Staff Sgt. Faces Court-Martial After Fatal West Point Crash

Staff Sgt. Faces Court-Martial After Fatal West Point Crash

Staff Sgt. Ladonies Strong, an Army soldier stationed in Georgia, will face a court-martial for her role in an accident that killed 22-year-old West Point Cadet Christopher J. Morgan. The vehicular accident took place on June 6, 2019, at the U.S. Military Academy in West Point, New York. The accident occurred outside the grounds of the academy. Little information has been released as to Staff Sgt. Strong’s charges and why she is being court-martialed.

What Happened?

The accident occurred during a training mission near the Camp Natural Bridge training site close to the academy’s main gate. Staff Sgt. Strong was one of two soldiers operating the M1085 medium tactical vehicle long-wheelbase cargo truck. The vehicle is similar to a large flatbed truck. The vehicle was carrying several cadets to a land navigation site as a part of standard summer cadet training that takes place at the academy every year.

At 6:45 a.m., the vehicle overturned in rough and wooded terrain. The accident is uncommon, but not unheard of because of the ground conditions. Two soldiers and nineteen cadets were injured in the accident. These injuries were non-life threatening and including broken bones and facial lacerations. It is unknown if Staff Sgt. Strong was one of the injured. Cadet Morgan was declared dead at the scene. The cause of death was ruled to be from injuries he sustained as a result of the vehicle rollover.

Cadet Morgan intended to graduate West Point in 2020, where he was majoring in law and legal studies. He was also recruited for the Army Wrestling Team, where he was a stand-out athlete. He was laid to rest on June 15 at West Point’s cemetery. His service was attended by over 1,500 people including family, friends, fellow cadets, and military personnel.

The Case So Far

The accident was reviewed in an Article 32 investigation which took place in October 2019. Article 32 of the Uniform Code of Military Justice requires that an independent investigation be conducted by unbiased investigative officers. The process involves a preliminary hearing that is conducted before a soldier can be recommended for a general court-martial. It is similar to a civilian grand jury, where all the facts and all possible charges against the accused are considered.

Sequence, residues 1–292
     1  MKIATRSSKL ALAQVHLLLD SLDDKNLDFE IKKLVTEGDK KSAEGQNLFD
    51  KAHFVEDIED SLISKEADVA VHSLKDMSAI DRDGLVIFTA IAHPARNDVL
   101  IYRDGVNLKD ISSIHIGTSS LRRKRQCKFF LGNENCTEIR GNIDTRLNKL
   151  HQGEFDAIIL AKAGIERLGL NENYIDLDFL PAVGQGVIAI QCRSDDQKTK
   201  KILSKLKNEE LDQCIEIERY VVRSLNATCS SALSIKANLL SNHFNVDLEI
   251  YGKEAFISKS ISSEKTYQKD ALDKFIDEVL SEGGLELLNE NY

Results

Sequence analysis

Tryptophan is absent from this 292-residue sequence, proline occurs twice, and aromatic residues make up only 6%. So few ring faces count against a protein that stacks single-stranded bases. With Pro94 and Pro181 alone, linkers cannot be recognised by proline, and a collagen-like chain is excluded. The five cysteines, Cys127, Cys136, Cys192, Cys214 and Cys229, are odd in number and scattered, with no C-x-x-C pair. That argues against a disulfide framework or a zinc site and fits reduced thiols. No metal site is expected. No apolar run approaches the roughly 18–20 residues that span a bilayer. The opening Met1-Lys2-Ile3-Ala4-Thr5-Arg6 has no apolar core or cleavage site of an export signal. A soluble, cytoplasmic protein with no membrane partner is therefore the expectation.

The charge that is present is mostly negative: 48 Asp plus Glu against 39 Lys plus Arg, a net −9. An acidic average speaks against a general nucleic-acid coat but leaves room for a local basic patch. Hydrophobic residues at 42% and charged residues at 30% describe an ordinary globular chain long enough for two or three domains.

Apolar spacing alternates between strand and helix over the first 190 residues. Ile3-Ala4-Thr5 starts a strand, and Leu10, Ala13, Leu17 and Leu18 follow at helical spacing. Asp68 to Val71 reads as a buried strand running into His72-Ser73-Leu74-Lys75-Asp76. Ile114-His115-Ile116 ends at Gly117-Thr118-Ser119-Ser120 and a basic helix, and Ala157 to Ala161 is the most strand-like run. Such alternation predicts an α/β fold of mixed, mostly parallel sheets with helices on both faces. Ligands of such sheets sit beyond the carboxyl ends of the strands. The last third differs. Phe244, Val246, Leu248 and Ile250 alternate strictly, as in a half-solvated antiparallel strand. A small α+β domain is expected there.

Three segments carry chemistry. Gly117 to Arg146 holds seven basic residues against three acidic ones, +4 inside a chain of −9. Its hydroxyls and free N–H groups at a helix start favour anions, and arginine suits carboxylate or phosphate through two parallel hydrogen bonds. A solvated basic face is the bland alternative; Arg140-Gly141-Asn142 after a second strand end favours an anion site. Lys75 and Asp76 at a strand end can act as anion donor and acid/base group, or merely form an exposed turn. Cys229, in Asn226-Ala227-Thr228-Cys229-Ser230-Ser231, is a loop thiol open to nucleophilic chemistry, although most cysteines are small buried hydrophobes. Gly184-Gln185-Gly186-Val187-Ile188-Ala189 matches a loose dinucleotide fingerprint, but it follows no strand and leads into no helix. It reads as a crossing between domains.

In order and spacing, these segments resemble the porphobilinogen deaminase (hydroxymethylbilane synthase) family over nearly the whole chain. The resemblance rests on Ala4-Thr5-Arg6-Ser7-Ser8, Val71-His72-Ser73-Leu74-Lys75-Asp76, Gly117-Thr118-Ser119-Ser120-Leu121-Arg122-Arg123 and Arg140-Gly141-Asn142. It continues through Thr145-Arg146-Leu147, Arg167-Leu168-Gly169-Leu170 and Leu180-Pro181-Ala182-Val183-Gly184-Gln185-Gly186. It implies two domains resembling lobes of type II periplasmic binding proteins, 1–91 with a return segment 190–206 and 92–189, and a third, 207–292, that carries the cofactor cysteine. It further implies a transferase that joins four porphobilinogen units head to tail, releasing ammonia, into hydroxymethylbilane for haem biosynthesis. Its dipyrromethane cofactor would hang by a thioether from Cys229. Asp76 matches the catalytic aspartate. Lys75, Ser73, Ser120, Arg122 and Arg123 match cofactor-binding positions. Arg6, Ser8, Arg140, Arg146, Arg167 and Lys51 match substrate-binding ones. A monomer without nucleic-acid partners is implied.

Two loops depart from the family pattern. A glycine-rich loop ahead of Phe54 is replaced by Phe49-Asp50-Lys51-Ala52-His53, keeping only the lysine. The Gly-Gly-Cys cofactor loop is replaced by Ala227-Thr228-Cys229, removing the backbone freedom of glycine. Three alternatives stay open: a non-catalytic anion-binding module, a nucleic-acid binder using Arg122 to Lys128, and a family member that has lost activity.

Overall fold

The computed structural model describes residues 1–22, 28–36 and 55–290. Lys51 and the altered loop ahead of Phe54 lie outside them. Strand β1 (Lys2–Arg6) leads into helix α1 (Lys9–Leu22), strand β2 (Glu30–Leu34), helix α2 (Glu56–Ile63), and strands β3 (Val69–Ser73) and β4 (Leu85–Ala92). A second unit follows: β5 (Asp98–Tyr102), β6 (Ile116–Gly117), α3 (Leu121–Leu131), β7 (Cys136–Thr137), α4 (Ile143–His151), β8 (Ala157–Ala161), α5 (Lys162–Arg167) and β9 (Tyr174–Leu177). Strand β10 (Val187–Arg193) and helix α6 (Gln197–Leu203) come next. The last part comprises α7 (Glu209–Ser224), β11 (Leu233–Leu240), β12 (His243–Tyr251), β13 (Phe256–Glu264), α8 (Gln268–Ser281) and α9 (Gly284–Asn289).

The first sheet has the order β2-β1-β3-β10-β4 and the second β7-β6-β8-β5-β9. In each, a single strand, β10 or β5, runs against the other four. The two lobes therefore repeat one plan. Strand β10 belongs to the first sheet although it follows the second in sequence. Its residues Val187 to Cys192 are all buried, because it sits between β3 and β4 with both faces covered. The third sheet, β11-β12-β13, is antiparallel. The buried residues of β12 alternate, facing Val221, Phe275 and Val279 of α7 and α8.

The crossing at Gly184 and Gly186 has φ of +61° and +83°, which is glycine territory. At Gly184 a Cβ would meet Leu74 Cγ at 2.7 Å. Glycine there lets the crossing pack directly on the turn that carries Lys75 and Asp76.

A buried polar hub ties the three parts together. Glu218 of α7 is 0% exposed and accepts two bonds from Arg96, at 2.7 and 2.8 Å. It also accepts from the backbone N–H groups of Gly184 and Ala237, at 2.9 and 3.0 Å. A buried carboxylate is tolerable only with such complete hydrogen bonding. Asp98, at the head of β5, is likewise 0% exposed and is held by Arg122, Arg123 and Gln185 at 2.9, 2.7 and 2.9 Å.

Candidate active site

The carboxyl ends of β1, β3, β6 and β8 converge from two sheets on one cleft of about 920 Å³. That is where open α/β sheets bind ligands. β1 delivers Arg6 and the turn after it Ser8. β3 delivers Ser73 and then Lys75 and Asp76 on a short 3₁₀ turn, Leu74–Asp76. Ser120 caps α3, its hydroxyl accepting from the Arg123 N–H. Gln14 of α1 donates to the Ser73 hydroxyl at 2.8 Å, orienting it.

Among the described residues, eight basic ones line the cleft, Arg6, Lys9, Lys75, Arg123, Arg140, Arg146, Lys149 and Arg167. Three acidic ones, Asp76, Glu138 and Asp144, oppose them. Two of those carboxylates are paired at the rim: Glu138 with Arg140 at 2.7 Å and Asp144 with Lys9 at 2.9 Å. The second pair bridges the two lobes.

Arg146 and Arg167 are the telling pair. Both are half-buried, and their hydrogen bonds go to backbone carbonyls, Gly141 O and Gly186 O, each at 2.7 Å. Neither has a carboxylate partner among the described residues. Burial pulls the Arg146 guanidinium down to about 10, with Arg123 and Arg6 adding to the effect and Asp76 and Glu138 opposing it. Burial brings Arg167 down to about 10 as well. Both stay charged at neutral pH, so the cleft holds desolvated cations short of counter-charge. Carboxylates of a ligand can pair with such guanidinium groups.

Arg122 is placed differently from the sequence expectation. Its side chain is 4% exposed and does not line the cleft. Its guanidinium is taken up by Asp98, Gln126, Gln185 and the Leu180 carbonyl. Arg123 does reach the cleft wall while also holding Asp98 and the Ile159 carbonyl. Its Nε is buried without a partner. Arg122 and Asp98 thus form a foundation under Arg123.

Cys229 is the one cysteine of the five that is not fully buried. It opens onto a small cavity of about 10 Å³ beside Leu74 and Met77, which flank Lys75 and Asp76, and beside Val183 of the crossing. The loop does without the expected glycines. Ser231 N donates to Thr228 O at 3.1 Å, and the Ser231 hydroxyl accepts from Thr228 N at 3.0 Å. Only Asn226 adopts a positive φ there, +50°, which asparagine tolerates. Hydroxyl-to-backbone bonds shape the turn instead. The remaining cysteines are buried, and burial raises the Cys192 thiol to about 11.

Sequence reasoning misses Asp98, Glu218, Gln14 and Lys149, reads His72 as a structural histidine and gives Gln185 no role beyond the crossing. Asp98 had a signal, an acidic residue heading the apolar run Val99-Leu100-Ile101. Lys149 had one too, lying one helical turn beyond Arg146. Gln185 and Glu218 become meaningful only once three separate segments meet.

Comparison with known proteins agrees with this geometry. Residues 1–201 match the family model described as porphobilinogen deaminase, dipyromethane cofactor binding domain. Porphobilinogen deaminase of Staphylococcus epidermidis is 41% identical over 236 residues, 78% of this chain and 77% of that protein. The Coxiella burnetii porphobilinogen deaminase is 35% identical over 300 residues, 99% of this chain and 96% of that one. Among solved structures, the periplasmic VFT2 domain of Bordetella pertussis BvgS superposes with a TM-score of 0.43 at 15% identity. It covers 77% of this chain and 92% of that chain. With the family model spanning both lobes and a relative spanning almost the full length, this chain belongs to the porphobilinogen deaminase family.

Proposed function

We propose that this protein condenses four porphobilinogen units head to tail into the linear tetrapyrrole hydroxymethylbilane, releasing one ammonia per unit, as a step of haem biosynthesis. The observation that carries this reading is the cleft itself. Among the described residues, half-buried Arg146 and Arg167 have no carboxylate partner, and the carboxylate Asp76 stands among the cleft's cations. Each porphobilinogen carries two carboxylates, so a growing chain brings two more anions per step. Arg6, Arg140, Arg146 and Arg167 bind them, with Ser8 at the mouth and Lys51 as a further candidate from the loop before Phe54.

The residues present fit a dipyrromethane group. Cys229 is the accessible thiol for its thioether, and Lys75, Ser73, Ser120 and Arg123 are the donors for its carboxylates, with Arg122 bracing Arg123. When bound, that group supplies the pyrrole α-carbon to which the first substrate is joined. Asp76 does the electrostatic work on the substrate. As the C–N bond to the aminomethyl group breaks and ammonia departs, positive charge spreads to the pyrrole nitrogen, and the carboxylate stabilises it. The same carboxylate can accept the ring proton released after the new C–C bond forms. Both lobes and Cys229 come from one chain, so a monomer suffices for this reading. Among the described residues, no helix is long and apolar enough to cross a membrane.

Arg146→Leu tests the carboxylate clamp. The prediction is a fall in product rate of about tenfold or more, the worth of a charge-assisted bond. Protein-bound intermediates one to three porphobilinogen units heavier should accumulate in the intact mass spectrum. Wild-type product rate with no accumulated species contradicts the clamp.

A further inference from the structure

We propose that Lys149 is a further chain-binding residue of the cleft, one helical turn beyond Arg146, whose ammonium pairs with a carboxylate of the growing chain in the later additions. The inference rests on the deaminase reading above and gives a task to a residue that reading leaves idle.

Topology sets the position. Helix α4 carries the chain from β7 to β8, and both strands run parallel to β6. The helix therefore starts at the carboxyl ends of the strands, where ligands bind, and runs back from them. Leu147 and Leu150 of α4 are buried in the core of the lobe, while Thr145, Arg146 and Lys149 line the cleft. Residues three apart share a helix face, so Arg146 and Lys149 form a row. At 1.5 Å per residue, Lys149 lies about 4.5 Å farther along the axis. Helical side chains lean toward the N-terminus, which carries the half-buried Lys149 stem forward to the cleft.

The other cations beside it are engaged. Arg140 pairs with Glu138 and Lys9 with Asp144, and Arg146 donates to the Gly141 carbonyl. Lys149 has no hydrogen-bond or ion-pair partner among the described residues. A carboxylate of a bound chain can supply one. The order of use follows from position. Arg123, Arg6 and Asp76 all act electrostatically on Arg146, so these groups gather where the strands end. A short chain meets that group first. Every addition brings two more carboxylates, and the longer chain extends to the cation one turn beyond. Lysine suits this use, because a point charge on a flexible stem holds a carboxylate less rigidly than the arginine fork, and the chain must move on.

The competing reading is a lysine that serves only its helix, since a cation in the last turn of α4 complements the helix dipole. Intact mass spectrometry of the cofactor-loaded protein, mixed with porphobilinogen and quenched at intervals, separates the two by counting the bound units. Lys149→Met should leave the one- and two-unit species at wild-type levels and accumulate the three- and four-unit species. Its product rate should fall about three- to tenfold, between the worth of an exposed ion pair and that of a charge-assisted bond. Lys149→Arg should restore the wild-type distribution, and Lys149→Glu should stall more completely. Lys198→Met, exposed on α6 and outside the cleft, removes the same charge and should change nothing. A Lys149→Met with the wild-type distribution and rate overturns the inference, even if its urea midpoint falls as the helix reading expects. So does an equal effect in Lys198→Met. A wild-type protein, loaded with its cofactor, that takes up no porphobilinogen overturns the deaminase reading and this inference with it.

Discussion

At the Article 32 hearing, Staff Sgt. Strong declined to make a statement in her defense. She also declined to add any further evidence or speak to her role in the accident. After reviewing the results of the Article 32 investigation, Commanders at Fort Stewart in Georgia ordered a general court-martial for Staff Sgt. Strong.

The Army has not publicly revealed many details of the accident. While the charges suggest that Staff Sgt. Strong was driving the vehicle, this detail has yet to be confirmed. Briefs from the Article 32 hearing and charges published have not revealed any further details that could shed light on why she is being charged with such serious crimes or receiving a general court-martial.

The Court Martial

General court-martials are reserved for the most serious of offenses. The court contains a military judge and a panel of at least five members. Both sides are represented by counsel. The judge will hear the case and then make a final judgment. The judge has the power to issue several maximum punishments including life imprisonment, death, or dishonorable discharge.

Staff Sgt. Strong has received several charges under the UCMJ. She has been charged with:

  • Involuntary manslaughter
  • Negligent homicide, and
  • Prevention of and reckless operation of a vehicle.

She also faces charges of authorized seizure of property. Finally, she received two separate charges of derelict of duty.

Staff Sgt. Strong was previously stationed at Fort Benning in Georgia. She is currently assigned to the Army’s 3rd Infantry Division at Fort Stewart, also in Georgia. This is where her court-martial will be held. The next hurdle for Staff Sgt. Strong is her pre-trial hearing. This will be scheduled by a military judge sometime in 2020. This hearing will explain the charges more and allow for the rules of the trial to be laid out. It is also an opportunity for her defense to make any objections.

After this, her case will proceed to the general court-martial. The judge will have the power to issue several maximum punishments including life imprisonment, death, or dishonorable discharge. Under military law, the maximum sentence allowed is three years for negligent homicide. For involuntary manslaughter, the maximum amount of prison time is ten years.